Veteran MoMA Staffer Sally Berger Fired After 30 Years on the Job
MoMA says it will stand by its decision.
New York’s Museum of Modern Art (MoMA) has confirmed that curator Sally Berger has been fired, after 30 years on the job. Her decision to cancel the New York debut of Under the Sun, a controversial North Korean documentary film directed by Russian filmmaker Vitayl Mansky, may have been a reason for the decision.
“My actions reflect several complex and substantive issues, and are the result of a long and deliberative process that Sally has been part of,” wrote Rajendra Roy, the museum’s chief film department curator, in a statement released to IndieWire and sent in response to emails protesting Berger’s termination. “As painful as this decision has been, I stand by it.”
New York’s film community has launched a Facebook-based email campaign to have Berger reinstated.
On June 10, MoMA apologized for not screening Under the Sun at its Doc Fortnight Festival in February. Roy told the New York Times that “Under the Sun is a remarkable documentary that was wrongly disinvited,” and that the decision to do so was “made by the festival’s curator without my knowledge or input.”
To shoot his film in North Korea, Mansky agreed to let the government completely oversee the production. During filming, however, Mansky kept the cameras rolling, capturing the degree of control and manipulation exerted by the country’s leaders. Well-received on the international film circuit, the documentary has been criticized by the North Korean and Russian governments.
In emails provided by the filmmakers to the Times, Berger expressed concern that screening Under the Sun could lead to retaliatory action in the same vein as the Sony hack that followed the release of James Franco and Seth Rogen‘s satirical film The Interview, about an unlikely assassination plot against Kim Jong-un. “It just simply came in too late to review all the possible ramifications of showing it here at MoMA,” Berger wrote of her decision.
Numerous Facebook users have expressed their disapproval with MoMA’s decision to fire Berger. “This is insane!” wrote avant-garde filmmaker Su Friedrich.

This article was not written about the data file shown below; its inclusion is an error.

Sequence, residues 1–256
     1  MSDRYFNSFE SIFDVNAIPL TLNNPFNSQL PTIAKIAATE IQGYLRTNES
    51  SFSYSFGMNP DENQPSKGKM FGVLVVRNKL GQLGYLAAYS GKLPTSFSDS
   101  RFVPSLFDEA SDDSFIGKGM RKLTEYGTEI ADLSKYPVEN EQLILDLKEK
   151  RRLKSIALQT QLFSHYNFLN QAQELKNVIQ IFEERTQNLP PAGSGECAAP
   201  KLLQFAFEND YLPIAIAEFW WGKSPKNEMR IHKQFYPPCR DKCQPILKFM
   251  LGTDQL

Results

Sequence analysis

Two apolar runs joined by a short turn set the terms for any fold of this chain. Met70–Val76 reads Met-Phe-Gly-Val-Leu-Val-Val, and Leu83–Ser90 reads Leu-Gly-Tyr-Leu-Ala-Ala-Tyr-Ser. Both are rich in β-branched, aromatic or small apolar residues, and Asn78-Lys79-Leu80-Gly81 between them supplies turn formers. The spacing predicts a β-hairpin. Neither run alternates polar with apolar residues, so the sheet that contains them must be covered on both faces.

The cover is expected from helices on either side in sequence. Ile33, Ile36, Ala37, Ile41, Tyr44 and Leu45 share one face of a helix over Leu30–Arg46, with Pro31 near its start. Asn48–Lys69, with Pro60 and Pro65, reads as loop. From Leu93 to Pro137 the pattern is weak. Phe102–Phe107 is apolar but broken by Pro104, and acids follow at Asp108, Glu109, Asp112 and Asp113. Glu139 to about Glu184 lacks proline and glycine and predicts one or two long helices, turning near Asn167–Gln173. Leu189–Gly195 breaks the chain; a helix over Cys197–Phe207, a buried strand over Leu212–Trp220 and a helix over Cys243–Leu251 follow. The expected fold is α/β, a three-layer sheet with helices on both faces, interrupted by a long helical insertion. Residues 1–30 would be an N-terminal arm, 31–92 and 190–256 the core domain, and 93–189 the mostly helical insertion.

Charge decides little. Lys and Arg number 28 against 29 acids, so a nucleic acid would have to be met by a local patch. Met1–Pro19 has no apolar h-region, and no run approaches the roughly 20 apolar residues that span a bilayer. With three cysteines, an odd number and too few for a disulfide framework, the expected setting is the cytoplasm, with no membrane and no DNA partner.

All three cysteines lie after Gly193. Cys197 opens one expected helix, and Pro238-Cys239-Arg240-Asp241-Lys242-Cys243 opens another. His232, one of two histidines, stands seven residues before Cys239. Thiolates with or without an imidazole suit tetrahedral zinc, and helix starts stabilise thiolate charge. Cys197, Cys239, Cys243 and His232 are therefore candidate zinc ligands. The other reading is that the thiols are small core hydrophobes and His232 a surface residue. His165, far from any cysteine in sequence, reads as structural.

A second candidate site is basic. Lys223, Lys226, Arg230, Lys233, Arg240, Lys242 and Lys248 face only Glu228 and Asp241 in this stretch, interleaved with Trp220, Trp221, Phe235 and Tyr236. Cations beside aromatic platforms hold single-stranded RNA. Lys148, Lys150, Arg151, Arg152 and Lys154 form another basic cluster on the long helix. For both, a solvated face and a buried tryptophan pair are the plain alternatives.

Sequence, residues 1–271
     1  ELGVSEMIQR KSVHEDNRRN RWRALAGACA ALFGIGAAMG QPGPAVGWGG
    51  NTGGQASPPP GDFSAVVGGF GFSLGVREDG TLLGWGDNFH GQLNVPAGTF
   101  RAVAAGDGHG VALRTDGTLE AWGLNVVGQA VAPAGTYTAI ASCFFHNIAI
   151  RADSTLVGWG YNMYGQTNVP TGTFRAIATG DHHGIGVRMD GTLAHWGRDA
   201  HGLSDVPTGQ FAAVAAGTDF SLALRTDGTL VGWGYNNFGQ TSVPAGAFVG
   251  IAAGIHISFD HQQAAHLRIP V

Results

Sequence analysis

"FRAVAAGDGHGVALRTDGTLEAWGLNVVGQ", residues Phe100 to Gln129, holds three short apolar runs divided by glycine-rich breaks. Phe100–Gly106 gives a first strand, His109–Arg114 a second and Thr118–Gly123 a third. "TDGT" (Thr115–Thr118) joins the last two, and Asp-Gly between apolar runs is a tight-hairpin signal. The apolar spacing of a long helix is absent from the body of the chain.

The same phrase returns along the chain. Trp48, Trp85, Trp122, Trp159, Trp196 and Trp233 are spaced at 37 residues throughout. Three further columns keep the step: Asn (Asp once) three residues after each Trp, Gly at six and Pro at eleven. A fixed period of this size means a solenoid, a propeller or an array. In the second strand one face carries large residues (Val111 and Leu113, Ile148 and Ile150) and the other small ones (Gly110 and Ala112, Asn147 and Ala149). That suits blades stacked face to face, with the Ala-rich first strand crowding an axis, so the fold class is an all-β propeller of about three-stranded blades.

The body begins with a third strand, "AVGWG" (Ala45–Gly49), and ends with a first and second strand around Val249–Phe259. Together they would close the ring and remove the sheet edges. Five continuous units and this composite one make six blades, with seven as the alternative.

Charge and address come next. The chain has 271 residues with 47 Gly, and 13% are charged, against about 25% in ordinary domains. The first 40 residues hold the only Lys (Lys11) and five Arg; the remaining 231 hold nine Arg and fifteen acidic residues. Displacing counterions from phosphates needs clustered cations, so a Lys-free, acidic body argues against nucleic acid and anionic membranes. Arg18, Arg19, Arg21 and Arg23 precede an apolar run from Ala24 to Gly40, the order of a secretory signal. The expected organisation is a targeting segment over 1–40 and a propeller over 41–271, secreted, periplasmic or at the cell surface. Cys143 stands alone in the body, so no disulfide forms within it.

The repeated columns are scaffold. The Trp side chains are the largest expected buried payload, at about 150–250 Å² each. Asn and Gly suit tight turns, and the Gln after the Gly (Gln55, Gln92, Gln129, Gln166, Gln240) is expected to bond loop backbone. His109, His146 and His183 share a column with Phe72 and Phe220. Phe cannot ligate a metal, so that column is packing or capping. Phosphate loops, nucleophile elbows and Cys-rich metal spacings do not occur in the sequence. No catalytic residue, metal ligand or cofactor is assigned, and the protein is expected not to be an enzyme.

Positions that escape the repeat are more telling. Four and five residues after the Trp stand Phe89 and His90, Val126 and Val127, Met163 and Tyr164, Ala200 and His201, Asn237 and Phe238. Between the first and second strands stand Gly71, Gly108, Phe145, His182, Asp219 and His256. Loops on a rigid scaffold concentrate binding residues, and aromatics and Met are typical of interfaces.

“Whether Sally Berger made a mistake in this case or not, it’s pathetic to think it’s a fireable offense,” added documentary filmmaker Doug Block on Facebook, founder of the D-Word, an organization for documentary film professionals. “Sally has been such a brilliant curator and tireless champion of independent cinema for decades. Either MOMA is cowardly buckling under the public embarrassment or they were looking to get rid of her and are using this as an excuse.”
He wasn’t the only one on social media who questioned whether other factors were at play. “Firing Sally Berger over this suggests that another agenda was at work,” wrote one e-flux reader in a comment. “MoMA, in my experience, uses small missteps to oust people whose back they wish to see.”
Melis Birder, whose documentaries The Visitors and the The Tenth Planet: A Single Life in Baghdad screened at MoMA thanks to Berger called the curator “a true believer of independent documentaries” on Facebook. “We need her back in MOMA,” Birder insisted.
Former MoMA film curator Laurence Kardish added a statement of support for Berger, telling IndieWire that “I no longer understand what goes on in my old stomping grounds…Doesn’t a curator have the right to pick and choose what is to be shown under his/her auspices?”
While Berger did not respond to artnet News’s request for comment, Block later added that he had spoken with her “at length and can confirm she’s filed a grievance through her union.”
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